On October 9, Senior Petroleum Geologist Tako Koning led an expedition to the Cochrane and Lochend areas west of Calgary to explore the local magnificent glacial geology and also see a rapidly developing program of hydraulic fracking for oil in the area. He recounts:

Friday, October 9th began cloudy and cold but we had a bit of sunshine by the time the field trip began at 1:30 PM, with 14 attendees including 2 children, in the parking lot of Cochrane Ranche in Cochrane. We headed north for a short distance up 4th Avenue to the southern terminus of the Big Hill Springs glacial meltwater channel, a deeply incised valley which continues 20 km northwards. The field trip leader Tako Koning discussed the area’s glacial geology and Vivian Pharis talked about the efforts of the Bighill Creek Preservation Society to protect the unique flora and fauna along Bill Hill Creek which is located within rapidly growing Cochrane.

We proceeded to drive northeastwards and near Willow Creek, a community of acreages, we viewed from the road a pad with 7 pumpjacks which produce oil from the tight Cardium Formation sandstone. These wells consist of long-distance horizontal drain holes, drilled in multiple directions which have been hydraulically fractured. The oil production in the Lochend area has benefited the Alberta and local governments in terms of royalties and taxes and has created local oil field employment. However, in some cases the oil production has had worrisome environmental impacts for those living in nearby farms, acreages and homes.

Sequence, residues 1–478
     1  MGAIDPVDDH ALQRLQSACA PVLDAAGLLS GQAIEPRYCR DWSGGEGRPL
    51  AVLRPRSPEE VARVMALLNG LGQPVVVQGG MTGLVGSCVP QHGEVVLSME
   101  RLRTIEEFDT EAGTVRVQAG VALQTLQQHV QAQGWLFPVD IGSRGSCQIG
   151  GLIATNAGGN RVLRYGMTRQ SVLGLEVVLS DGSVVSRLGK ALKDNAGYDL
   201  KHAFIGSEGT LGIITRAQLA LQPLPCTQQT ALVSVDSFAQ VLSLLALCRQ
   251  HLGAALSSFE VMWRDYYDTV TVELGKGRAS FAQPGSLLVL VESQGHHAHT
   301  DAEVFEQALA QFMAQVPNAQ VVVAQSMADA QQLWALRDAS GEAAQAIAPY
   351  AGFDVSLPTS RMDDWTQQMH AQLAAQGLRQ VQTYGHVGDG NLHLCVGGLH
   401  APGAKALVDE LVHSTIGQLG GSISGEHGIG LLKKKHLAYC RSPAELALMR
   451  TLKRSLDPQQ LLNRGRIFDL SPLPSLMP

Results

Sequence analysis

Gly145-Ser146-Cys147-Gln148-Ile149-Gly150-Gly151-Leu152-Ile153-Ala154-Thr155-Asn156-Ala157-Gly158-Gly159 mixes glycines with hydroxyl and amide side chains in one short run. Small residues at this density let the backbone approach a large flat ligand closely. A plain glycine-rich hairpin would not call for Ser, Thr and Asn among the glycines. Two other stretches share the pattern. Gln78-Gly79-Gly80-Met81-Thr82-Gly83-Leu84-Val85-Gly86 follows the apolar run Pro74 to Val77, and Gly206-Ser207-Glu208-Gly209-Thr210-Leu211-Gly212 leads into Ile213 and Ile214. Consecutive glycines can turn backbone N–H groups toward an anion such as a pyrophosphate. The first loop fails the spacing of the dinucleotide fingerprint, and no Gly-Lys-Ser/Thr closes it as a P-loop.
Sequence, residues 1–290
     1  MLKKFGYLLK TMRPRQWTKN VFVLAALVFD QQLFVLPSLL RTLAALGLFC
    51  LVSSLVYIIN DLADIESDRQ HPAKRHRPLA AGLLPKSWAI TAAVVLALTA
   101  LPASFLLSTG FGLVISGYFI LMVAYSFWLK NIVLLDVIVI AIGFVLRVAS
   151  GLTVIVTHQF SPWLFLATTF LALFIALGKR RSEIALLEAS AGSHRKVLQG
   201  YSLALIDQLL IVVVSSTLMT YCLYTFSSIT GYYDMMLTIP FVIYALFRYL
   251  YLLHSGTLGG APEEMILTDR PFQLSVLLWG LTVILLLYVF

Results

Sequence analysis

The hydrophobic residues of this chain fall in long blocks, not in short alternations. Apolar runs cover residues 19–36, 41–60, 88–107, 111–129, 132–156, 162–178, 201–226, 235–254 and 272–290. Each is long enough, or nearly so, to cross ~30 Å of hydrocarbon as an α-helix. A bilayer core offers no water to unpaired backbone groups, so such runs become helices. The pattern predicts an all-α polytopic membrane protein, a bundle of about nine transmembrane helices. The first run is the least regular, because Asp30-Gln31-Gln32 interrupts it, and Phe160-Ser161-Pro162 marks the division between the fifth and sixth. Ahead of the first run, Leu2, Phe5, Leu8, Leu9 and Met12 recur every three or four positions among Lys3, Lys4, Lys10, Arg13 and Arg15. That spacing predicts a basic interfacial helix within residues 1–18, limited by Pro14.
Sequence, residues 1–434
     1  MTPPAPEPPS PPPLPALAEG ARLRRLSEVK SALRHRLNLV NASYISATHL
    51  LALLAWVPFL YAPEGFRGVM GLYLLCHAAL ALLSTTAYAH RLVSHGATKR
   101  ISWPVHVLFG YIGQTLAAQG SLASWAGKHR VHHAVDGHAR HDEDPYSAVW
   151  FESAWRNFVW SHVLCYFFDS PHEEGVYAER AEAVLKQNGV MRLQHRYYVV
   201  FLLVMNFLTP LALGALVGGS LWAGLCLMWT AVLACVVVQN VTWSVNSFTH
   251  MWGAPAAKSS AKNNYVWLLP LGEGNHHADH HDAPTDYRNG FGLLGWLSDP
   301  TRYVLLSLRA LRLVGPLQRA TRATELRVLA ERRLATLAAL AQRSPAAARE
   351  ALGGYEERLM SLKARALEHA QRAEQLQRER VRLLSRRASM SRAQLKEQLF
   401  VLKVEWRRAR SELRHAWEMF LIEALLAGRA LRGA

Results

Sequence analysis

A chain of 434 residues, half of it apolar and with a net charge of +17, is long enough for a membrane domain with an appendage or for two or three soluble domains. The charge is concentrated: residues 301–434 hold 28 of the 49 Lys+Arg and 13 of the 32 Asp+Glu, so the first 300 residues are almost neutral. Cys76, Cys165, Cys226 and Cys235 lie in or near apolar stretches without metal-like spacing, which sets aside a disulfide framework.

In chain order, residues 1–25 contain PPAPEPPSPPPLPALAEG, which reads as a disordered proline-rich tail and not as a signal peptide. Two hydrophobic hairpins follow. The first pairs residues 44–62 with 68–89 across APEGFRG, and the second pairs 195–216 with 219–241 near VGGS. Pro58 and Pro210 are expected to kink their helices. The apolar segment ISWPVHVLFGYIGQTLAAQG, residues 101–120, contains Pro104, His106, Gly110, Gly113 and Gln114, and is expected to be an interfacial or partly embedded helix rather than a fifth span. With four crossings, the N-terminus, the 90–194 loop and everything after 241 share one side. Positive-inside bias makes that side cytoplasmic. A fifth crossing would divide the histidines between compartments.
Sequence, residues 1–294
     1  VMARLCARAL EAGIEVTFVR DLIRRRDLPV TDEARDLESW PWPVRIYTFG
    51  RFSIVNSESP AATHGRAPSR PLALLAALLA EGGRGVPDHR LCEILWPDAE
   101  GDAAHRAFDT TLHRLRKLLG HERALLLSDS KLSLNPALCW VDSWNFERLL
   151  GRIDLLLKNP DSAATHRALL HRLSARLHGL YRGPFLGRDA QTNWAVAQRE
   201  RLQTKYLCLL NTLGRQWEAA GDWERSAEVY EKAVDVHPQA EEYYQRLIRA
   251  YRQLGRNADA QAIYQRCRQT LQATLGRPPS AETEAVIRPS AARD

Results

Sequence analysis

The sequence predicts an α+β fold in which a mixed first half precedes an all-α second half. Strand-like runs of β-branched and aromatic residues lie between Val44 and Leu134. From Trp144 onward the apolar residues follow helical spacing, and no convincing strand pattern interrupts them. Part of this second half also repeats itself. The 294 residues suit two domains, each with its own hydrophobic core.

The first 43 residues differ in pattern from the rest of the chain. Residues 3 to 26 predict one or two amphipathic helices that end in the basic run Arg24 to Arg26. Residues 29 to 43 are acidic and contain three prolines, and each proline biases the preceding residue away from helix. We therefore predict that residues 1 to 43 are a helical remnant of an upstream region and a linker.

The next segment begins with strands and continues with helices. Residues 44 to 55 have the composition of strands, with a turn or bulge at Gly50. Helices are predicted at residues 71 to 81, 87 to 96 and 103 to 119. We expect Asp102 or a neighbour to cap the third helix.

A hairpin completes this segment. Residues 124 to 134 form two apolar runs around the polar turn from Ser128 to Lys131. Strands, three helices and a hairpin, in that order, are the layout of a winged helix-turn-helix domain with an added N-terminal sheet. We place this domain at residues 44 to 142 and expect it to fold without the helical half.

We then stopped outside of the entrance to the Glendale gravel pit. The Cochrane – Lochend area has thick glacial deposits rich in gravel. Major gravel quarrying is increasingly being carried out throughout the area and some residents are very concerned about its impact on the area.

We also viewed a second well pad on the west side of Lochend Road where 4 wells produce from the hydraulically fractured Cardium. Howard Hawkwood, a farmer who has lived with his wife Nielle for forty years just east of Lochend Road (Highway 766), described to the group the negative impact of oil activities on their lives and on their farm. Heading northwards we saw another deeply incised melt water channel immediately south of the hamlet of Dog Pound. The field trip ended in the village of Westbrooke, located on Highway 22, also known as the Cowboy Trail, to view an oil production facility located on the eastern boundary of the village.